We’ve all experienced the effects of lockdown restrictions on our daily lives. Everything from cancelled vacations to postponed family gatherings and celebrations. But one (perhaps unanticipated) side effect you might also be experiencing is some extra money in your bank account.

The options we have available to spend our money are more limited than ever and Julie Sarich, one of Servus’s branch managers, is sharing how she too has seen some surprising benefits.

1. In a sense, this pandemic has been a crash financial diet. What can I learn from how my spending has changed?

Like many of us can relate to, Julie herself spent two weeks in self-isolation in March. “We didn’t go anywhere during quarantine,” she says. “Then I saw there was way more money than usual in my bank account.”

Even if you haven’t been in full quarantine, you’re probably noticing a similar decrease in your spending simply as a result of having less opportunity to do so.

“I started thinking,” says Julie, “did I really need that daily coffee?” With so much of our daily spending wrapped up in our normal routines (commutes, school/work life, etc.), there’s been a big disruption in what we’re buying, or more accurately, not buying.

“There’s so much unconscious spending,” she says. “This has shown us, even forced us, to think critically about how we spend our money.”

Julie suggests taking time to look back at your transaction history. What have you managed to live without, but also where has your spending shifted and possibly increased? Her advice is to dig deep and focus on how it makes you feel.

“Ask yourself: are you really missing thing you used to think you couldn’t live without, or does having the money in your account feel better? How much online shopping did you do? Would you feel better now if you had that money back?”

2. How might this “new normal” actually be a new financial habit I’ve created?

They say it takes 30 days to create a new habit. Since we’ve spent double that amount of time in lockdown, you might have a new perspective on how you prioritize your spending.

“What are our values — they show up in how we’re spending or not spending our money,” Julie says.

Everything from gym memberships to our choice to support local businesses — there are things we can learn about ourselves based on how we’ve either eliminated certain expenses or refocused our spending on what’s truly important to us.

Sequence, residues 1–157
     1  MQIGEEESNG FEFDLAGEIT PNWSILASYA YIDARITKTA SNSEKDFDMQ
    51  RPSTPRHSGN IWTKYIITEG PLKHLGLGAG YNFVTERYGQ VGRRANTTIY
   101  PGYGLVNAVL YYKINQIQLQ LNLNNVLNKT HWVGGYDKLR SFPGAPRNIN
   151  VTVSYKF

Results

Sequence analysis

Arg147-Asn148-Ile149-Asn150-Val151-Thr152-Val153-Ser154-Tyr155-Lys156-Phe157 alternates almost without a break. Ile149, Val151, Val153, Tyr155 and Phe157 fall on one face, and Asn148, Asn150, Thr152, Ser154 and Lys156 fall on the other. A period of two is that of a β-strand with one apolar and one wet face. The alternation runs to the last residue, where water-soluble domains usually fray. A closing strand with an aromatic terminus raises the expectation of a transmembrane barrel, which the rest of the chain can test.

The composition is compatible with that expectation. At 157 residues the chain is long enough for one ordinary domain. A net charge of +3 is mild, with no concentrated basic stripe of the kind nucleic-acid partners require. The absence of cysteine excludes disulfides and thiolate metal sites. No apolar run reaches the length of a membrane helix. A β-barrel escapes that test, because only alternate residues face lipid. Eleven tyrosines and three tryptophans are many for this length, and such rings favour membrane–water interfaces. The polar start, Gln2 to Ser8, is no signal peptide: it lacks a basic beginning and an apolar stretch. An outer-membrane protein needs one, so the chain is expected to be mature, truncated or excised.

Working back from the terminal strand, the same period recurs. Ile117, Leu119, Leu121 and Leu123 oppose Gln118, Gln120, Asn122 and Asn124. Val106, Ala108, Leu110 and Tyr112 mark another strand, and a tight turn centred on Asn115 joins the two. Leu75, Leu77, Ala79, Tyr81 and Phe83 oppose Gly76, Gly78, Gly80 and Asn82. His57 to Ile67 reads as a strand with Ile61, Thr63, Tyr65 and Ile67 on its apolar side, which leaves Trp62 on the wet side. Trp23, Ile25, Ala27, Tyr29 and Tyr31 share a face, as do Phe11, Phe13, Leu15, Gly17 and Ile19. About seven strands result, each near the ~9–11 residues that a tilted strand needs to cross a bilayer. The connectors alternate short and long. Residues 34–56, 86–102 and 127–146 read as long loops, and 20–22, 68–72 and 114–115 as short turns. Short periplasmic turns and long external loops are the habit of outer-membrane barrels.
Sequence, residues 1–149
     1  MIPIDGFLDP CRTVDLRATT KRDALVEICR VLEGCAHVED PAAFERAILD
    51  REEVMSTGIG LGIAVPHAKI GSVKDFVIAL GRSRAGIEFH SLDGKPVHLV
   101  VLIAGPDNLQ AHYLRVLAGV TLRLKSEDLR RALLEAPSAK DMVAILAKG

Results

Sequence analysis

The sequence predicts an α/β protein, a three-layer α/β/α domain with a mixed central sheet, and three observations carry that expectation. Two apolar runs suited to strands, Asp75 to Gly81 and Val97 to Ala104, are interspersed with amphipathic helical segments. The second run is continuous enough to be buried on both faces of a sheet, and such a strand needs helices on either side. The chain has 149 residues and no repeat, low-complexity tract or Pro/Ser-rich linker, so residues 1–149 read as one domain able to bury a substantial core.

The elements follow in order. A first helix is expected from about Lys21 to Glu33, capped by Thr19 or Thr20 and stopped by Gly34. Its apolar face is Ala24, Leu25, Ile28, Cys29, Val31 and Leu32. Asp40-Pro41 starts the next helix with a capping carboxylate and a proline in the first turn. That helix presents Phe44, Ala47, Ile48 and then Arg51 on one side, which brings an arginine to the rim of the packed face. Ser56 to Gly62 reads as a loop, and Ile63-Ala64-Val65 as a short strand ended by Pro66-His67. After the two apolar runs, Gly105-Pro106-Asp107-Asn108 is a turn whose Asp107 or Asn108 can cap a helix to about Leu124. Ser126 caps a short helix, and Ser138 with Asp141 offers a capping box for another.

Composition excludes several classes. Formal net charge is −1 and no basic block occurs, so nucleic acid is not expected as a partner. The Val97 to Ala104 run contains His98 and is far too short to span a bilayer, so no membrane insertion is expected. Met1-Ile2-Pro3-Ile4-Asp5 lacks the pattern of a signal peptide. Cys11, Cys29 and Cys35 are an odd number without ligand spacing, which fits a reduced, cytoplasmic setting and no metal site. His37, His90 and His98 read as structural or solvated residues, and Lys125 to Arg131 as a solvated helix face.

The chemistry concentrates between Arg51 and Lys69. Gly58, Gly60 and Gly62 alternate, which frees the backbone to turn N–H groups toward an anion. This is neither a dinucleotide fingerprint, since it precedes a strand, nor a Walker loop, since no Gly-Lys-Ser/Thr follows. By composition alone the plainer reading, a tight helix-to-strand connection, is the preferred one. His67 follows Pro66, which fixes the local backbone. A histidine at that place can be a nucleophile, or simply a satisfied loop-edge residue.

“We’re all going through this together and now (more than ever) we can all relate to one another,” says Julie. She suggests an accountability buddy to lean on for support.

“Don’t buy things you don’t need and hold yourself accountable for keeping the habit going forward.”

3. We know there’s the potential for a second wave. As we go back to work, what’s your advice around how to save money (just in case) in a short period of time?

“You don’t have to put a lot of money aside at once to have a fallback position,” Julie says. Though the dollar goal may seem lofty at first, Servus has tools to help you make it manageable.

“With members we talk about Top-Up Savings a lot because it’s automatic,” she says. Julie refers to the Top-Up Savings tool available in Servus online banking that allows you to automatically transfer money to your savings account with each point of sale transaction you make using your Member Card.

It’s easy she says, “as little as $5 when you buy groceries or a coffee at Tim Hortons!”

“There becomes an addictive element,” Julie says. “They’ll ask themselves ‘how can I save more?’ as they see their savings grow.” Basically, it’s all about paying yourself first she says. “Sometimes setting aside 10% of your cheque seems like a chore, but once you create that habit – if there’s a second wave, you’ll have savings.”

Having the time to dig deep into your bank account — your spending and your savings habits — can help you feel a sense of control during these uncertain times. If you’re looking for guidance, Servus financial advisors are always available to help.